10/08/2014 01:59 pm ET Updated Dec 08, 2014

What Your Broker Won't Tell You About the Housing Recovery?

Remember this maxim, when it comes to residential mortgages, they are fantastically complicated, and most people, including those that think they know what they're talking about, quite often don't.

The best fairy tale truism to explain this: The Emperor Wears No Clothes. Which is to say, just because someone says so, doesn't make it true. This of course speaks to prideful behavior, wherein sometimes no one really knows what's going on. Such as the 2008 subprime implosion and how mortgages really or really didn't play a part of the financial meltdown. (If I'm moving too fast for you, let me know and I'll tap the brakes.)

But let's talk about mortgage brokers (either they be real estate or mortgage), all of whom are borne of the same cesspool and who truly never saw a mortgage they didn't like, or think wasn't fundable.

So here goes the contrarian verbal acrobats, and why most everyone hated economics in high school --- and that is (drum roll please, because I'm not slowing down on this one, so keep up): In the backwards world of mortgage and bonds, in which bad news is good, bad news pushed up long-term rates this past week, which is good.

Thus, when you hear good news about the economy, you can bet that means bad news for interest rates. And that's the news your broker doesn't want you to hear. Either it be the real estate or mortgage one, since both act as succubae (but in a positive way), to prod the non-prodable, or simply those that need a little encouragement to buy that house or sign those refi loan application docs. There's a reason they're called salesmen. And consequently, converting the non-believers has always been an occupational job hazard for salesmen.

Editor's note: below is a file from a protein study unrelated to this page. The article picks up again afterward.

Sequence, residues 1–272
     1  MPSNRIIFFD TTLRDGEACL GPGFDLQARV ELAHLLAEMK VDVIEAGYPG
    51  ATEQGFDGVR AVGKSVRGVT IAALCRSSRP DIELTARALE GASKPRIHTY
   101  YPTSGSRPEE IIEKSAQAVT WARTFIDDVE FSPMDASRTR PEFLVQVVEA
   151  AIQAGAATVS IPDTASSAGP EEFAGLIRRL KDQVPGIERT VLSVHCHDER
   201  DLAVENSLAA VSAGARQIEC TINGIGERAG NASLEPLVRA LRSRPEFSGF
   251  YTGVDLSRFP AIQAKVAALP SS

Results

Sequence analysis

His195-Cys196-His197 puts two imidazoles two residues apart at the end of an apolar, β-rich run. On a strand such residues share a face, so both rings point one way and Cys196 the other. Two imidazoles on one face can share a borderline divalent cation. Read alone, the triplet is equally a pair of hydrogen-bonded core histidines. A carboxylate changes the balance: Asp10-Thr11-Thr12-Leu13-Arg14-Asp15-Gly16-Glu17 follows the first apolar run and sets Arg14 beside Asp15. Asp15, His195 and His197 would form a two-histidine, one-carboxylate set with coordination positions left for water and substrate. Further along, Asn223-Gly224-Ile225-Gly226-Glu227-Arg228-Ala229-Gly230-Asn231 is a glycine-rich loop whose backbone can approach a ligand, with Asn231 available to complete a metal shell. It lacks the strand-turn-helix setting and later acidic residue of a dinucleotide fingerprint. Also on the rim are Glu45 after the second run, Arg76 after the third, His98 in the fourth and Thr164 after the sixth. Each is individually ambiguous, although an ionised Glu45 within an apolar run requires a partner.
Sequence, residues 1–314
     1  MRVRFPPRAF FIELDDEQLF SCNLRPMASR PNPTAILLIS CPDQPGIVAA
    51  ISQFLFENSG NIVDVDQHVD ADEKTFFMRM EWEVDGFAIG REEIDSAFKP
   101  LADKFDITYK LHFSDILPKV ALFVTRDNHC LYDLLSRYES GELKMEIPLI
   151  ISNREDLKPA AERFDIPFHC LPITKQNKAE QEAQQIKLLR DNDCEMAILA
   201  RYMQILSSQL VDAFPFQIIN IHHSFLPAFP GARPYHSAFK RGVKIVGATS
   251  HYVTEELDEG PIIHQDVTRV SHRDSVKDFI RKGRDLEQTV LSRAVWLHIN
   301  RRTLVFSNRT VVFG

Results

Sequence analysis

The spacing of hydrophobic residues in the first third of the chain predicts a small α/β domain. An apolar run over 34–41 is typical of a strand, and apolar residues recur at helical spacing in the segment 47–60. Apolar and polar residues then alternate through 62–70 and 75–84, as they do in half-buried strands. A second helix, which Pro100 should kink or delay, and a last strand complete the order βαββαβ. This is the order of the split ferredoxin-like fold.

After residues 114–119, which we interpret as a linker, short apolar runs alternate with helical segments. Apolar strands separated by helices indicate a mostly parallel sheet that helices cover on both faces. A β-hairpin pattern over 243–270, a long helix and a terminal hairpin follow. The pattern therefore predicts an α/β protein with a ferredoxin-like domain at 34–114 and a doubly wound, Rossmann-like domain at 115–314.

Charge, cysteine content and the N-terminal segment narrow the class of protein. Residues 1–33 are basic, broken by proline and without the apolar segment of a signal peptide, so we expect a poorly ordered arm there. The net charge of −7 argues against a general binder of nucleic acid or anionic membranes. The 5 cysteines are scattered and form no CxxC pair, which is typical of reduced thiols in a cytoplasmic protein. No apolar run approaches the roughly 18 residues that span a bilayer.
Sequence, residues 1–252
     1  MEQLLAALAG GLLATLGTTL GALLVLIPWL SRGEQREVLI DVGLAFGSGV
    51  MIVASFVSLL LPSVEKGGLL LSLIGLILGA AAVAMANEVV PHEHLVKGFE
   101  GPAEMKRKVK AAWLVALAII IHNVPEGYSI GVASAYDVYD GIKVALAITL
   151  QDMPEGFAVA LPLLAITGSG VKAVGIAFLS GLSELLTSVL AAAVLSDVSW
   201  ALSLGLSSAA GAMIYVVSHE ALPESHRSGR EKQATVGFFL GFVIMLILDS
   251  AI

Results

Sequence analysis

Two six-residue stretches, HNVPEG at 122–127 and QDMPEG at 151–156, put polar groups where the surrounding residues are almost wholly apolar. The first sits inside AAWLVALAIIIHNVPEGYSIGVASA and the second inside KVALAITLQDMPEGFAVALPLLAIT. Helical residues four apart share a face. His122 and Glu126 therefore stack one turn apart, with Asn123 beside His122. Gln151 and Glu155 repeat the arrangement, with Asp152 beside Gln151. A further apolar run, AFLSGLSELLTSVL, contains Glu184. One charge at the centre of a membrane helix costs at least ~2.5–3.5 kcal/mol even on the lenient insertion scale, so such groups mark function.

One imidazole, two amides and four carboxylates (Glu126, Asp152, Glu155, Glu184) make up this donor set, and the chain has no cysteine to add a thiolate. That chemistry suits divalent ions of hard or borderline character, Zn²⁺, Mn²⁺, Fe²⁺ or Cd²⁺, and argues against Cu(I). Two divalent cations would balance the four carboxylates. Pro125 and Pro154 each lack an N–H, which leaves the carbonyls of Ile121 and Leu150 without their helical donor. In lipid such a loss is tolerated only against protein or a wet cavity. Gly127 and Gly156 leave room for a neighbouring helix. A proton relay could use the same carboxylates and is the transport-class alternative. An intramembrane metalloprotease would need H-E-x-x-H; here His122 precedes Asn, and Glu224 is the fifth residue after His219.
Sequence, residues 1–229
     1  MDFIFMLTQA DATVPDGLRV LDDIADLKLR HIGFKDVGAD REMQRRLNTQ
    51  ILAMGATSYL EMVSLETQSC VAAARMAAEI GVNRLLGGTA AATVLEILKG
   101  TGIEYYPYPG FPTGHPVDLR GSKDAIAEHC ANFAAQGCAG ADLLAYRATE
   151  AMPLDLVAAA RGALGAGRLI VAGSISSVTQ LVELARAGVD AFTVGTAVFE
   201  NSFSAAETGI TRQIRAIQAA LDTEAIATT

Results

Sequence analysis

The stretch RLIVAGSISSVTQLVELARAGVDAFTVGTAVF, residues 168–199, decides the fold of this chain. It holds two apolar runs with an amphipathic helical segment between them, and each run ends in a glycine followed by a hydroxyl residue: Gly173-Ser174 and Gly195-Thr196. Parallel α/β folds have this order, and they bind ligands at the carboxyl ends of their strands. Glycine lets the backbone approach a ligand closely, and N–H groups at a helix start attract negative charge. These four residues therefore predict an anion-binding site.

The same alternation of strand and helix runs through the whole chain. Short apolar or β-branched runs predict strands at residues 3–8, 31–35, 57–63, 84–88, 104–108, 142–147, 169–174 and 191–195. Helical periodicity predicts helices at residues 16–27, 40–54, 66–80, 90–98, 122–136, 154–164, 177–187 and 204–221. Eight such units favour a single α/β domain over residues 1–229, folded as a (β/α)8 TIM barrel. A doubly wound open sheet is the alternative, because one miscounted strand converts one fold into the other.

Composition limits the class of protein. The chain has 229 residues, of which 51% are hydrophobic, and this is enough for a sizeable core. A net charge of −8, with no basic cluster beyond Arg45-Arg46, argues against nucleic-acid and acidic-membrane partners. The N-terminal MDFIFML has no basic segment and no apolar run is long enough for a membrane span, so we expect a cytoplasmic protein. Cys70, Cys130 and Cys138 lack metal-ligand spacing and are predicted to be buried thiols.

The $64,000 Question?

This begs the question: Is it a bad time to buy a house? And the answer is maybe, since many economists have predicted for some degree of depreciation to occur in the housing market over the next several months. Why? Higher interest rates and tougher mortgage rules. Simply as that.

Logically speaking, people don't buy homes if they cost more to maintain, which is what happens when interest rates go up. And forget about the millennials, their 'tapped out' and 'freaked out' when it comes to their mounting student loan debt. As for seniors, count them out too. They're still freak'in over the shrinkage of their social security checks. There's no amount of calcium pills that can cure that malady. And oh yah, remember those new mortgage rules that Congress passed several years ago, they're still percolating up through the economic market place and have yet to fully blossom. And although some have said that the Dodd-Frank Act has more holes in it then swiss cheese, the CFPB has been the caulk to fill up some of the holes that Congress overlooked (or maybe didn't).

And just when you thought there couldn't be anymore existential issues that might put a hiccup in your real estate mortgage deal, how about the following in terms of actual and perceived issues: non-cash buyers are impeding the market place, less inventory, sellers demanding higher deposits, buyers demanding more concessions, longer escrow times with nervous appraisers, etc, etc, etc.

The Econ Pundits

When asked recently on CNBC if housing prices might go down, Robert Shiller, Professor of Economics at Yale University conceded the point with the following statement:

"If it doesn't go down, it might be an ok investment," Shiller said. "We are living in a world of disappointing investments. I say the same thing about the stock market. It's overpriced, [yet] it's not a bad investment all things considered."

And the most quoted man from the National Association of Realtors, Chief Economist, Lawrence Yun, who is not noted for his dry sense of humor, stated recently on the NAR website when asked about the housing slump outlook:

"On the positive side, first-time buyers have a better chance of purchasing now that bidding wars are receding and supply constraints have significantly eased in many parts of the country."

If you're dazed and confused about all the seeming contradictions for all things real estate and mortgage related --- which is like watching a ping pong match in reverse, you'll be relieved to know that former Federal Reserve Chairman Ben Bernanke got turned down on a home mortgage refi for his Washington DC home. When asked to comment on the loan denial, which he admitted during a Q & A session at a recent conference that economist Mark Zandi from Moody's hosted:

"I'm not making that up......I think it's entirely possible" that lenders "may have gone a little bit too far on mortgage credit conditions," he said.